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Author Topic: Politics and school choices  (Read 1491 times)

gabe487

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Politics and school choices
« on: October 05, 2008, 09:38:02 PM »
I'm politically pretty moderate. Not an activist. Liberals annoy me. I understand conservatives, but I would not count myself among them (my family is straight up evangelical christian, me, not so much). Are all the top tier schools liberal havens?

What top 20 schools out there can offer an equally balanced group of students?

Brito

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Re: Politics and school choices
« Reply #1 on: October 05, 2008, 10:57:22 PM »
I'm politically pretty moderate. Not an activist. Liberals annoy me. I understand conservatives, but I would not count myself among them (my family is straight up evangelical christian, me, not so much). Are all the top tier schools liberal havens?

What top 20 schools out there can offer an equally balanced group of students?

Harvard is pretty balanced -- more liberals than conservatives, but vocal people on all sides.
Harvard 2010

pig floyd

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Re: Politics and school choices
« Reply #2 on: October 06, 2008, 02:52:15 AM »
I'm politically pretty moderate. Not an activist. Liberals annoy me. I understand conservatives, but I would not count myself among them (my family is straight up evangelical christian, me, not so much). Are all the top tier schools liberal havens?

What top 20 schools out there can offer an equally balanced group of students?

None.  Honestly.

(And, also, honestly, you're not "moderate" if liberals annoy you but you "understand" conservatives, especially when the specific conservatives you mention are those who tend to be on the freakish fringe).

(Also, honestly, I bet this poster is flame).

HTFH.
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j23

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Re: Politics and school choices
« Reply #3 on: October 06, 2008, 02:23:44 PM »
Pig floyd, what specific conservatives did he mention? He said his family was evangelical Christian, but said he didn't identify with them. Also, what would you define a moderate as? Is it impossible to be annoyed by liberals, while understanding conservatives, but still be a moderate?

augusta

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Re: Politics and school choices
« Reply #4 on: October 06, 2008, 02:41:32 PM »
Pig floyd, what specific conservatives did he mention? He said his family was evangelical Christian, but said he didn't identify with them. Also, what would you define a moderate as? Is it impossible to be annoyed by liberals, while understanding conservatives, but still be a moderate?

I find many self-professed liberals annoying. I often find the arguments given in support of their views to be weak and unfounded, and in fact they are frequently at least as judgmental and dictatorial as the worst of the far right-wingers(which is why I specified "self-professed"). But I also think democratic socialism is probably one of the best systems out there, and I support a whole host of policies that conservatives shun. I guess that could make me a moderate. But mostly I just think it makes me an intelligent, thoughtful citizen.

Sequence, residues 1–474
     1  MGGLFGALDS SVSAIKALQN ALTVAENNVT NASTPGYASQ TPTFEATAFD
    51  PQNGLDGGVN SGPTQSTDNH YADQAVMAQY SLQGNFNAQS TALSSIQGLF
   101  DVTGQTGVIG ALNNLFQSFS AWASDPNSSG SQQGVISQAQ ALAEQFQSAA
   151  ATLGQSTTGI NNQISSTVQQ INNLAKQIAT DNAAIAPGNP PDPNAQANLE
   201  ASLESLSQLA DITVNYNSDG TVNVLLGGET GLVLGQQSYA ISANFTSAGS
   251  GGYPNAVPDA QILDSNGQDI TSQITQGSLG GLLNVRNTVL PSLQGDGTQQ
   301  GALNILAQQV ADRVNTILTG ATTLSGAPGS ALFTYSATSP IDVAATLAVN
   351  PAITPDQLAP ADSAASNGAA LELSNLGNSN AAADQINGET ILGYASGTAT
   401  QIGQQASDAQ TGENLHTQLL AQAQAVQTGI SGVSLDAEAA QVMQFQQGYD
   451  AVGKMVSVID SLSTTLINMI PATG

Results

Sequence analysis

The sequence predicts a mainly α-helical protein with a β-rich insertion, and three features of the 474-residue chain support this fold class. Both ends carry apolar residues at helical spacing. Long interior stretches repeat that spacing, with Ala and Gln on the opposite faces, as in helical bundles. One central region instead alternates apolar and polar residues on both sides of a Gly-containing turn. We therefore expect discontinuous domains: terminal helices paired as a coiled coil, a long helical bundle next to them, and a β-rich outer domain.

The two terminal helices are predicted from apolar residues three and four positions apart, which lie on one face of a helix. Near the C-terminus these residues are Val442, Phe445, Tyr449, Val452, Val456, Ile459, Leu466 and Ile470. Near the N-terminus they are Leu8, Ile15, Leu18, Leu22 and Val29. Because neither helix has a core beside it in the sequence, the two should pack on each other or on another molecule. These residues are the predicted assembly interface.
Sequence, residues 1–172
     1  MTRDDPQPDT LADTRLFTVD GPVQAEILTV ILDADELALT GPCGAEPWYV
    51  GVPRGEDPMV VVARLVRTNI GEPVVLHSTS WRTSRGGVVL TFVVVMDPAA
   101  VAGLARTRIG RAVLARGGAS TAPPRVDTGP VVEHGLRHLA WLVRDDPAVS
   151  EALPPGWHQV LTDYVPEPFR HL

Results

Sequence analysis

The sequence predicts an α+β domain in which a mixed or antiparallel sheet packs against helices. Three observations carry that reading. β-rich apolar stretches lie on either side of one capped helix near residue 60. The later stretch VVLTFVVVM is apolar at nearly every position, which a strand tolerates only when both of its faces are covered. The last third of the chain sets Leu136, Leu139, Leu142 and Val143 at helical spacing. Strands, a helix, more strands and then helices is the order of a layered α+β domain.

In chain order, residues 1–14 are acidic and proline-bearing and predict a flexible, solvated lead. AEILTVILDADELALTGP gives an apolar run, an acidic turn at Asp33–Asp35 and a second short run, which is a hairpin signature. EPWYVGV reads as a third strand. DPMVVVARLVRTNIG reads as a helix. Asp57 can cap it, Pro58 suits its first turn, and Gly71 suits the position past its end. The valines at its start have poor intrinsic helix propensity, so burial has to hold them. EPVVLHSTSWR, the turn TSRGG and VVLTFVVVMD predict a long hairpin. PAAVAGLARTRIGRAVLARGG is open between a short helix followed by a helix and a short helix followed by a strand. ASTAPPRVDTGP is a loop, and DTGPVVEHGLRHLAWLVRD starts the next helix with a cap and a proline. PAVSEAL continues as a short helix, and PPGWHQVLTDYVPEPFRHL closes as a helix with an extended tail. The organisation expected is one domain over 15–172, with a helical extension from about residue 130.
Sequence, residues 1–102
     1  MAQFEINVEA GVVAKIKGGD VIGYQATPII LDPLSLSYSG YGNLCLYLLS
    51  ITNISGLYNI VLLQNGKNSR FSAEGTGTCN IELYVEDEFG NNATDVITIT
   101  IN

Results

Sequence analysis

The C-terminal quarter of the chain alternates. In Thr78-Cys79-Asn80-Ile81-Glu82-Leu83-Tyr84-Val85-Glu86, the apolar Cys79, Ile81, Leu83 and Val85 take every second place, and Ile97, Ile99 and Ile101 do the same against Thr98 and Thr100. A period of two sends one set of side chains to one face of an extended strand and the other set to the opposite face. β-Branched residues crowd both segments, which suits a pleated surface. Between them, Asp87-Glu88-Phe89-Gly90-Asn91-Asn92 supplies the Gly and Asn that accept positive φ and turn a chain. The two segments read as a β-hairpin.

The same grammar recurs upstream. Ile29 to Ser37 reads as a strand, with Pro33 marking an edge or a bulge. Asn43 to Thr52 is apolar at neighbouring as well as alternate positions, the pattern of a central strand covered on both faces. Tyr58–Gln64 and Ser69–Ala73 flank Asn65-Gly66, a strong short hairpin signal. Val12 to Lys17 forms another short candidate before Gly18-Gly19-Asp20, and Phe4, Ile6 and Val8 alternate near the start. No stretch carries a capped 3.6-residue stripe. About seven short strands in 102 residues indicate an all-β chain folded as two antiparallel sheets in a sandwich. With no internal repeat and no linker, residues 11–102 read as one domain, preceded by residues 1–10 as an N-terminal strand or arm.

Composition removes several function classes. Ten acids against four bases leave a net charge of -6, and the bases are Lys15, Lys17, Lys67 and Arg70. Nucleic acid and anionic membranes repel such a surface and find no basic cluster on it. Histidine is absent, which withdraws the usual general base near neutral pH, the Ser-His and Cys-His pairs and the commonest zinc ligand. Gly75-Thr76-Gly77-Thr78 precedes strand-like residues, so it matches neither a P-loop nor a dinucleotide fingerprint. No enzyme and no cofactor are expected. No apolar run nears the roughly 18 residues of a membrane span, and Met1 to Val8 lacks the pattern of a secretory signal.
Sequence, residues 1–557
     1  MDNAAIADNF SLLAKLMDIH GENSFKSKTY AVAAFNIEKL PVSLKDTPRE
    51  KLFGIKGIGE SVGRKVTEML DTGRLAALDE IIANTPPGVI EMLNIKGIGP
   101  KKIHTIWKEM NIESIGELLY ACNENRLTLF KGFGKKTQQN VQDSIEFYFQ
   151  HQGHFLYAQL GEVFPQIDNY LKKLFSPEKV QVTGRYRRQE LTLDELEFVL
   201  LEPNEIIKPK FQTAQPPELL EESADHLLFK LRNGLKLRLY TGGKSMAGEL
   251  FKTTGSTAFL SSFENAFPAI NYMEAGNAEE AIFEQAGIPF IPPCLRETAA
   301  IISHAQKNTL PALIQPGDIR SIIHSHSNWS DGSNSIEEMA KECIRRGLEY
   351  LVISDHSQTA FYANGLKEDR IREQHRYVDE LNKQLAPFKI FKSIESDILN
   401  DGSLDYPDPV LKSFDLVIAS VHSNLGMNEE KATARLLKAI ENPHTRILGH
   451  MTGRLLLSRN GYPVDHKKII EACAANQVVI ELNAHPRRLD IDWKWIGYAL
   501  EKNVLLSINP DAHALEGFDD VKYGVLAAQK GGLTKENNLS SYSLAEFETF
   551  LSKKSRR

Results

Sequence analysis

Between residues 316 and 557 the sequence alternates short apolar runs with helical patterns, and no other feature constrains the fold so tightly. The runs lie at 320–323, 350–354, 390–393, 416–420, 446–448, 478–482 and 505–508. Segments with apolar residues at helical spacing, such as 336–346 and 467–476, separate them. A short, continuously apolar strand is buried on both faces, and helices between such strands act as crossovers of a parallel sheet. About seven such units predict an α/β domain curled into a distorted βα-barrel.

::self-selects::   
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lawboy81

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Re: Politics and school choices
« Reply #5 on: November 18, 2008, 11:55:22 PM »
I'd imagine most are overwhelmingly liberal, however, I think Virginia has a conservative reputation.  I'm sure there are lots of conservatives at Vanderbilt and Texas too.

moonpie

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Re: Politics and school choices
« Reply #6 on: November 20, 2008, 05:08:19 PM »
having strong analytical skills and being liberal have a strong, though certainly not absolute correlation.

katjust

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Re: Politics and school choices
« Reply #7 on: November 21, 2008, 09:12:00 AM »
having strong analytical skills and being liberal have a strong, though certainly not absolute correlation.

Misleading and irrelevant
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CTL

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Re: Politics and school choices
« Reply #8 on: November 21, 2008, 09:25:41 AM »
I'm with the OP and Augusta here.  I find most extreme Liberals are incredibly annoying, and many borderline on conspiracy theorists.  

I'm probably more fiscally conservative than most Republicans (I believe that there should be absolutely NO govt. money 'loaned' to the dying American auto industry for instance), but I am socially 'liberal' (a position which I don't believe is extreme whatsoever).  

To that extent I am moderate.  I typically vote Republican locally, since there is no pandering to religious groups in my district and IMO Republicans tend to be more productive at the local level.  On the other hand, I have voted Dem in the past two presidential elections.  That is more a function of Republicans having terrible options (Palin on the ticket?  Get real..) than my strong support of Democrats.

I think you'll find conservatives and liberals at all schools.  I think you'll find that the majority of people are like you and me though...moderate.
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Re: Politics and school choices
« Reply #9 on: November 21, 2008, 01:57:42 PM »
I'm pretty far right, and don't worry at all about the libs in law school. you're there to learn law, not get in pointless political debates